Much of urban thinking today centers on the physical form of the city: its resources, infrastructure, and built space. Cities are told how to become “more sustainable” by expanding transit, reducing dependence on fossil fuels, and adopting restrictions and planning approaches that mandate higher densities, and, increasingly, bar the expansion of single-family home-dominated areas.
This mindset creates a narrow and distorting view of a city, one that ignores or oversimplifies the role and agency of a city’s most important component: its middle class, especially families.
To us, cities emerge because they provide opportunity to people, and are sustainable only so long as they continue to do so.
For a city to sustain itself, it must provide a wide range of opportunities – not just for the affluent. And the city, better seen as a metropolitan area, needs to address the diverse interests and preferences of its residents. And given that those interests and preferences are constantly evolving, the “overplanning” mindset is untenable, even dangerous, to the future of cities that embrace it.
Another paradigm is needed; one that concentrates more on human capital than physical capital. Such a paradigm would stress issues of upward mobility, human capital development, small business expansion, governance, and middle-wage job growth. It would not ignore the physical environment, but acknowledge that physical assets should adapt to serve human beings, not the other way around. It would also change the way we think about physical assets, giving higher priority to those that actually boost opportunity, particularly for working and middle-class residents.
Given the current concern about economic inequality, this alternative perspective is desperately needed. In many cities, notably New York, there is already a growing focus among the political class away from economic growth, and towards a redistribution of income to the poorer members of society. But in many cases the focus is not only on the poor, but also in servicing the needs of well-organized rent-seekers, from speculators and some developers to public employee unions. Although these interests often express an admirable concern for social welfare, we believe that sparking broader-based economic growth represents the best way to achieve upward mobility for metropolitan area residents. Houston and other growing cities, we maintain, best represent this more people-oriented approach.
The Center will closely examine these issues, with particular interest in how planning and zoning decisions can hamper or spark economic growth. It will also highlight key demographic concerns, notably around the critical issue of families, who generally seek out housing that is both affordable and spacious enough to raise children. And governance – the question of who makes decisions about the commons – will also be a key area of exploration. An approach that focuses on good schools, good parks, decent jobs and strong neighborhoods may not thrill many architects, pundits and planners – who almost invariably favor ever-denser development – but they do matter to most people who live in urban areas.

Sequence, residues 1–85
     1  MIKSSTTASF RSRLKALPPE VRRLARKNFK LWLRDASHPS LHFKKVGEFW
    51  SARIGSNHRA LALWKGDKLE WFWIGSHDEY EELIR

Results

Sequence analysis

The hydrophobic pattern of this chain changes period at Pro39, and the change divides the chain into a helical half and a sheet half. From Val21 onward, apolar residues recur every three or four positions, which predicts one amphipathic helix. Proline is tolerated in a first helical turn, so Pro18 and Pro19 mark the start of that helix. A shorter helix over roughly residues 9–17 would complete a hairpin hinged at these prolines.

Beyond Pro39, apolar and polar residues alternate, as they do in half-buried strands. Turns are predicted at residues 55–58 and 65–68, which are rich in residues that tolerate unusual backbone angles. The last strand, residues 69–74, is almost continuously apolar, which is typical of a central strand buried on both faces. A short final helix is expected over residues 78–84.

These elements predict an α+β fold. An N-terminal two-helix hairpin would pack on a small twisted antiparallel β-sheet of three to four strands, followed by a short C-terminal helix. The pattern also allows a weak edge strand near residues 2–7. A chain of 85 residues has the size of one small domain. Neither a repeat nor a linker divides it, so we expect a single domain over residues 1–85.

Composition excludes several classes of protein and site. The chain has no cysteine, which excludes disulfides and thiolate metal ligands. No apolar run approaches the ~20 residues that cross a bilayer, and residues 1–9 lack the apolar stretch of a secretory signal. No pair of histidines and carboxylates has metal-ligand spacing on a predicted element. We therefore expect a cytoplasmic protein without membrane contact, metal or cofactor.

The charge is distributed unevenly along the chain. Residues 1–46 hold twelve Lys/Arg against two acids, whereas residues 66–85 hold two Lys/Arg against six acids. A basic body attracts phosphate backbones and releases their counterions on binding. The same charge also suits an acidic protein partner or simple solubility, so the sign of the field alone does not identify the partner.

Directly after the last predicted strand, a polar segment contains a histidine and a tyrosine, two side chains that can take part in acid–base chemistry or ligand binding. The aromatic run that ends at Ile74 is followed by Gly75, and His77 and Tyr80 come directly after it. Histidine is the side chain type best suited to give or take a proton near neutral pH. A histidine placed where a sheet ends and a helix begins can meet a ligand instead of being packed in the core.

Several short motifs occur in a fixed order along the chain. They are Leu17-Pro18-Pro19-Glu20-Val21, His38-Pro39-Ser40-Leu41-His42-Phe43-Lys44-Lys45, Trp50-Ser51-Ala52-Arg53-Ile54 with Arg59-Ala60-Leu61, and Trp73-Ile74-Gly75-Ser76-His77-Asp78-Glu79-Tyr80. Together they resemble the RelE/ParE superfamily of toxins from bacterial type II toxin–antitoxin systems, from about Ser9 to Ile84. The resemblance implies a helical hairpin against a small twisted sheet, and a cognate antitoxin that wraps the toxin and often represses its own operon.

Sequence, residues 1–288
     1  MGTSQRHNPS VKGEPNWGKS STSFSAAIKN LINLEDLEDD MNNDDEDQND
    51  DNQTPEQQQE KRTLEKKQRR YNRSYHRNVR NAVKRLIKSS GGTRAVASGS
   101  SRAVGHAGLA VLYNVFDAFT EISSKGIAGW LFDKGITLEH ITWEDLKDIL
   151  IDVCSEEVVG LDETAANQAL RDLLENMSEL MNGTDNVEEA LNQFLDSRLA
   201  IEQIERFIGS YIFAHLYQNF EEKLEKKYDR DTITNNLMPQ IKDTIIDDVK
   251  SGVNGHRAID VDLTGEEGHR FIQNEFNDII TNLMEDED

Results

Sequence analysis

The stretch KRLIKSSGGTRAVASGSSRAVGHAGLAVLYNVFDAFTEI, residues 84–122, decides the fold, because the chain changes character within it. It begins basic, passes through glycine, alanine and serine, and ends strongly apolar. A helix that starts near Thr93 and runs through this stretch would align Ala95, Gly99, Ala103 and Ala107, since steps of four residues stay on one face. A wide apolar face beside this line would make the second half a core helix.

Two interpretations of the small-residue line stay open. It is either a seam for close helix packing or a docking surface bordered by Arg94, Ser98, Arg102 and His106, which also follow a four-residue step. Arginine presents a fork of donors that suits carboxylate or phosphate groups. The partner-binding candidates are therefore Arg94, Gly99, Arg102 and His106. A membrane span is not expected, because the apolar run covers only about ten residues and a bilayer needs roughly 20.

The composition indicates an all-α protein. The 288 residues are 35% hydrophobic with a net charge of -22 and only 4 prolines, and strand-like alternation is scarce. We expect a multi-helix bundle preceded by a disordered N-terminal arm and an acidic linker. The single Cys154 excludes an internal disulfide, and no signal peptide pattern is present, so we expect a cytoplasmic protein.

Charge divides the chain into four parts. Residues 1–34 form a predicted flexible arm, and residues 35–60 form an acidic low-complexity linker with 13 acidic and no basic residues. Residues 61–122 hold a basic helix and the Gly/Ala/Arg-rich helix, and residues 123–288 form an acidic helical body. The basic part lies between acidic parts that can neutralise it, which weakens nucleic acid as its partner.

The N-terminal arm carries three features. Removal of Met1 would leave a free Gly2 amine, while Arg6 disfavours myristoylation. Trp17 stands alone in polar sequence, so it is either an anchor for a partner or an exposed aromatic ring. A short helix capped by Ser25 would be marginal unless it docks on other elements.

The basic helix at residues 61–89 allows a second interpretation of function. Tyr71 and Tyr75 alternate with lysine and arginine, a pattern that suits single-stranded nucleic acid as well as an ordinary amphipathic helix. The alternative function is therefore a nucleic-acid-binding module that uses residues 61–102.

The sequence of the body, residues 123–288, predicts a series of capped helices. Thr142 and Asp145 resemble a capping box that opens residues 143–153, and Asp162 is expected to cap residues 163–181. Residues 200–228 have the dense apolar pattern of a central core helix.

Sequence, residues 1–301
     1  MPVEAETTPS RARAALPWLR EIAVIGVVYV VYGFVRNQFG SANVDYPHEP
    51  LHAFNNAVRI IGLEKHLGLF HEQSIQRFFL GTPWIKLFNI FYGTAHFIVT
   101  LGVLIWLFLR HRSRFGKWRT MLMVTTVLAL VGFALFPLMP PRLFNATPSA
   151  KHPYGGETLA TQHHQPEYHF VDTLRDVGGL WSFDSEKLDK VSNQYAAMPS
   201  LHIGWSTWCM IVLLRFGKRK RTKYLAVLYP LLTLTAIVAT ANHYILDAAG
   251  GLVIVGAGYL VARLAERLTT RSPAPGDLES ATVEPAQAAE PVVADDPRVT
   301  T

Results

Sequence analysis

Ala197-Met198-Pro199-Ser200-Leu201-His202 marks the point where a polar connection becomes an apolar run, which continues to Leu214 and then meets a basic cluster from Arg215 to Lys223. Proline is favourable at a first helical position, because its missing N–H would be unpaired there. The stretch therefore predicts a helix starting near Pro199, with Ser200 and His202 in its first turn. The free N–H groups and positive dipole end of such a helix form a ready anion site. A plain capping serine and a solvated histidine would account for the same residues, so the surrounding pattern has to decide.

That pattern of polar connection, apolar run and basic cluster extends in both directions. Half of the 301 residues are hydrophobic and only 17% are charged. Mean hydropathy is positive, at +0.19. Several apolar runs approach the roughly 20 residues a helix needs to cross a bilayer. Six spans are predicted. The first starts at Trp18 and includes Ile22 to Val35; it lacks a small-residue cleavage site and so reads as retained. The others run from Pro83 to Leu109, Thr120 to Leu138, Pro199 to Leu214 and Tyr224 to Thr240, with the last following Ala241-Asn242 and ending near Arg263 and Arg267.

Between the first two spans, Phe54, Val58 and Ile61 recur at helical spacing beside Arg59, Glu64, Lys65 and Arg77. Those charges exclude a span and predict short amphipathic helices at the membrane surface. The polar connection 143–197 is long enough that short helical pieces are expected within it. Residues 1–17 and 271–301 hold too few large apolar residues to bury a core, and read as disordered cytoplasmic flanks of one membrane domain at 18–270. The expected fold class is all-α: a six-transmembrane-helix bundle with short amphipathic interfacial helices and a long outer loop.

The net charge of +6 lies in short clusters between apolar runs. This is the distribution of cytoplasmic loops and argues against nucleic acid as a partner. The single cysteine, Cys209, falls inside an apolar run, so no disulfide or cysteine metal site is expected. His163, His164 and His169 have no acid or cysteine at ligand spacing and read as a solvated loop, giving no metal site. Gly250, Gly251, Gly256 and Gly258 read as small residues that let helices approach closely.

The Center for Opportunity Urbanism will promulgate a perspective on urban development that is applicable to most American cities, and indeed to cities around the world. Initially the Center will be seeking to define this new model with comparative studies of different regions in terms of how they most efficiently address issues ranging from promoting upward mobility and reducing poverty, including among minorities, and spark broad-based economic growth. This involves such things as comparing regions based on their actual costs, relative to others, and how they create family-sustaining jobs across a broad spectrum of workers.
It will be the primary task of the Center to spell out how cities can drive opportunity for the bulk of their citizens. Initially, at least, this will be primarily a virtual, media-centered effort. This is necessary given the very weak profile of key opportunity cities, including Houston, particularly in comparison with the key media centers located either in the Northeast or coastal California. A major reason why the current planning mindset so dominates policy discussion, in part, reflects that there is no coherent alternative vision. Our intention is through conferences, articles and studies to provide an alternative “pole” in the now very stilted and predictable trajectory of urban studies. It will help rediscover the essence of great cities, what Descartes called “an inventory of the possible.”
The center is a stand-alone think tank, based in Houston. Headquartering this effort in Houston reflects the region’s emergence as arguably the primary exemplar of this new urban model. But this will not be a Houston-centric think tank; its view and reach will be national. It will be directed both by its board and its executive director, who will remain based in Southern California, with input from fellows and a board of advisors. The Center will be run primarily by Joel Kotkin, with assistance of a part-time office manager and later additions in public/media relations, fund raising, and lobbying. Our team will consist of several noted experts in the field of urban growth, including our first two fellows, Wendell Cox and Tory Gattis.
The board is made up primarily of business people. Leo Linbeck III, who is both a businessman and a faculty member at Stanford and Rice, will serve as our Chairman. Richard Weekley, Kendall Miller and Walt Mischer serve as Directors.
Checks may be made payable to the Center for Opportunity Urbanism. Contributions are fully deductible as a charitable contribution under section 170 of the Internal Revenue Code. The Center for Opportunity Urbanism is sponsored by the Competitive Governance Institute, which is recognized by the Internal Revenue Service as a section 501(c)(3) organization.
3900 Essex Lane, Suite 1200
Houston, Texas 77027